Media Highlights

If Everyone Wants Preschool, Why Isn’t It Growing?

by National Journal   •  

Fawn Johnson, Reporter

Preschool enrollment has stalled over the last four years while other education indicators, like high school graduation rates, have improved.

October 20, 2014 Preschool is about as universal as an issue can get among politicians and voters these days. Last week, Louisiana Gov. Bobby Jindal, who is anti-Obama, anti-Common Core, and has accused teachers’ unions of being in the “Stone Age,” gave his education secretary the go-ahead to seek $15 million in federal funding for early education. This happened only after Jindal received assurances from the administration that state grant seekers do not have to comply with the controversial Common Core State Standards for K-12 schools in order to be eligible for the preschool money. Preschool, it would seem, is above such squabbles.

City and state officials vying for voters’ sympathy don’t have to fight about preschool. The evidence is overwhelming that preparing children for kindergarten under any standard is among the most effective ways to produce meaningful, long-term gains in their growth. The public supports government spending on preschool. A recent Gallup poll found that 70 percent of respondents, including more than half of the surveyed Republicans (53 percent), support increasing federal funding for preschool so that everyone has access to it.

Given the widespread agreement about the value of early education, it’s troubling that preschool enrollment isn’t increasing while other indicators of recovery are slowly creeping up.An economic opportunity report released Monday found that the nation has improved on a range of indicators—everything from high-speed Internet access to high school graduation rates to violent crime rates. Everything, that is, except preschool, where enrollment has dropped slightly since 2011.

A little less than half of the nation’s 3- and 4-year-olds are enrolled in preschool, with percentages dropping from 48.2 percent in 2011 to 47.6 percent this year, according to Opportunity Nation’s latest “Opportunity Index.” But let’s not forget that those figures are far higher than in the 1970s, when only about one-fourth of the country’s 4-year-olds and 10 percent of its 3-year-olds were in some type of preschool.

“The good news, historically over the last few decades, is that it’s now much more common. That good news has been tempered with where we are now. Essentially the numbers have kind of stalled out,” said Russell Krumnow, Opportunity Nation’s managing director.

Because preschool costs money, and because the return-on-investment of preschool may not be obvious immediately—you have to wait at least a decade to save the money on the toddler who won’t be in jail as a teen—Krumnow says some cities and states may still view preschool as “nice to have” rather than “need to have.”

But just as graduation rates for high schools are increasing because school districts and parents realize dropouts are no longer acceptable, the public’s views on whether preschool is a necessity or a luxury may be changing.

Fresh off of recent polling in North Carolina and Georgia showing that nearly three-fourths of voters want the government to put more money toward early education, the nonprofit group First Five Years Fund released more research Monday showing overwhelming support for preschool in the electoral battleground states of Florida, Ohio, and Colorado. In all three states, voters ranked giving children a strong start in life second on their priority list behind the perennially important jobs and economic growth. In Ohio and Colorado, three-quarters of voters said the two were related—that investments in early education would contribute to their state’s economies.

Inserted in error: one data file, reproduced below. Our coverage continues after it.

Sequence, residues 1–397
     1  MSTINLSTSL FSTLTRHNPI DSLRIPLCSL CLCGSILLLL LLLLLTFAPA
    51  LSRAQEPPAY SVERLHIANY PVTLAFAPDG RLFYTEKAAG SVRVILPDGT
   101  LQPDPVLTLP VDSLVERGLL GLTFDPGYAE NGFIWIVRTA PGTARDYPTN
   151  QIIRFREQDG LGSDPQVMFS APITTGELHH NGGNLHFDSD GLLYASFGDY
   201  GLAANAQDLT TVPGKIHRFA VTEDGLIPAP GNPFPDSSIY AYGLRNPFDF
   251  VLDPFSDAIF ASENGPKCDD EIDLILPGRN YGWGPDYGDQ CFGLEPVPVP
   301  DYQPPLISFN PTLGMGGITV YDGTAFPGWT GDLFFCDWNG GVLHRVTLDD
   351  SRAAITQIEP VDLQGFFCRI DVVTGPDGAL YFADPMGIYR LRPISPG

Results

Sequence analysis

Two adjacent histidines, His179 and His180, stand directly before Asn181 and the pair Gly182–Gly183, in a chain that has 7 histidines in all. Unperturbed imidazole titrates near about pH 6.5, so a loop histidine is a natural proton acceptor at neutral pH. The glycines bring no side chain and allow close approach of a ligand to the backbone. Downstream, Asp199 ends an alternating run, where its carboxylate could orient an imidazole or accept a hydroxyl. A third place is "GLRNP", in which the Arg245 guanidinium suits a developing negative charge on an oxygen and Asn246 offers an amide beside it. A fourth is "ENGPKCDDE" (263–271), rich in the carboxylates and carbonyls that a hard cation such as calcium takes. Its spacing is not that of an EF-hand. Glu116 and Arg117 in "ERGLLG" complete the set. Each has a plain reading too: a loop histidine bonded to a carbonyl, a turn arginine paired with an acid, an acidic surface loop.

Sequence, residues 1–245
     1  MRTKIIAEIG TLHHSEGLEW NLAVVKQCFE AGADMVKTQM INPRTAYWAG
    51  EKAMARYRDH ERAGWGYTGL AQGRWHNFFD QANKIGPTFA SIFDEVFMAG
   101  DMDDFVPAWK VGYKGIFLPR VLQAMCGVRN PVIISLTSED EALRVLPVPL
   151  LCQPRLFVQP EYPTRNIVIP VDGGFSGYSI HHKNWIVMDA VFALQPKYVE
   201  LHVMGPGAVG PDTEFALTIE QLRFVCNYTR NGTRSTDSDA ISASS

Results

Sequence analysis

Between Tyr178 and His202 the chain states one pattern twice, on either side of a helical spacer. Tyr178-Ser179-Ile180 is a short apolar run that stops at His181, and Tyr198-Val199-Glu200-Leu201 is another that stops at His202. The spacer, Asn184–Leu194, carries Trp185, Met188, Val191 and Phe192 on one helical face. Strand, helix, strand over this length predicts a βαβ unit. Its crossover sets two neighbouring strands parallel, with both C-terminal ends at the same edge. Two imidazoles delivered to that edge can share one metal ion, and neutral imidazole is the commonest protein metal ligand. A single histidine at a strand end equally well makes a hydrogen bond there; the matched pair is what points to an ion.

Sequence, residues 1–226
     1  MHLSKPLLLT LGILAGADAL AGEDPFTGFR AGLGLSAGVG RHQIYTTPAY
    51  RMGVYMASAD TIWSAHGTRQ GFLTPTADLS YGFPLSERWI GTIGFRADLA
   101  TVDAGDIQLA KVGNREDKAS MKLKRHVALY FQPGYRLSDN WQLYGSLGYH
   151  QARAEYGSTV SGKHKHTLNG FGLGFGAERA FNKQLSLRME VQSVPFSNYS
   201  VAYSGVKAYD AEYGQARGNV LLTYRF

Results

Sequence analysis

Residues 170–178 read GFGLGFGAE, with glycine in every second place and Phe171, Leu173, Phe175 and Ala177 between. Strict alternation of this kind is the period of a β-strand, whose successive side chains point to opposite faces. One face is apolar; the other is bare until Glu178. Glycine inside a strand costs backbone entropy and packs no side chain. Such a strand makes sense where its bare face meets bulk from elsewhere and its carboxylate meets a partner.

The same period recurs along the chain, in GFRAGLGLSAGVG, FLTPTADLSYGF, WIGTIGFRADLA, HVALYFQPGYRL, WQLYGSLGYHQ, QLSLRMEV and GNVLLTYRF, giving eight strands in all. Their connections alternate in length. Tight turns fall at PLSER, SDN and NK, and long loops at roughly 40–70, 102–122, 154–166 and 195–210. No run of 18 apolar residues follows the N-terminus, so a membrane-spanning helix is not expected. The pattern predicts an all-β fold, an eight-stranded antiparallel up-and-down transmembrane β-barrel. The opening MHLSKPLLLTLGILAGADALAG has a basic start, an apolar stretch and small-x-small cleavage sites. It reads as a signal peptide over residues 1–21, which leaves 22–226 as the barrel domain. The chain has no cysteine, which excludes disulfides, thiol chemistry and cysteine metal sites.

The results are not surprising, nor should they be. Parents and educators alike know in their guts that the earlier you get a child—particularly someone in a disadvantaged area—into a supportive education environment, the better off the entire community will be. Yet preschool is still an afterthought when it comes to ponying up the money for it. Some preschool teachers, for all their training, are paid about on par with fast-food workers. The Bureau of Labor Statistics says the median salary for preschool teachers is $27,000, but that statistic includes those who work for elementary or secondary schools and for religious or professional organizations. The median salary for workers in “child day care services” is $24,000. No matter which figure you use, the median salary for kindergarten and elementary teachers is about double that, at $53,000.

The First Five Years Fund will host a briefing on Capitol Hill Wednesday to discuss the importance of early learning and ways to expand it. The lawmakers who could act on the issue are out of town, but staffers will be there to pass the message along to their bosses once the election furor is over. This isn’t one they should be afraid of.

For our insiders: What catalyst is needed to dramatically grow preschool enrollment? Why has it stalled? What can state and city governments do to increase enrollment? Does it matter what kind of preschool kids enroll in? Should preschool enrollment be required, as K-12 is? Should lower-income households get priority when preschool slots are limited?

Read more at National Journal

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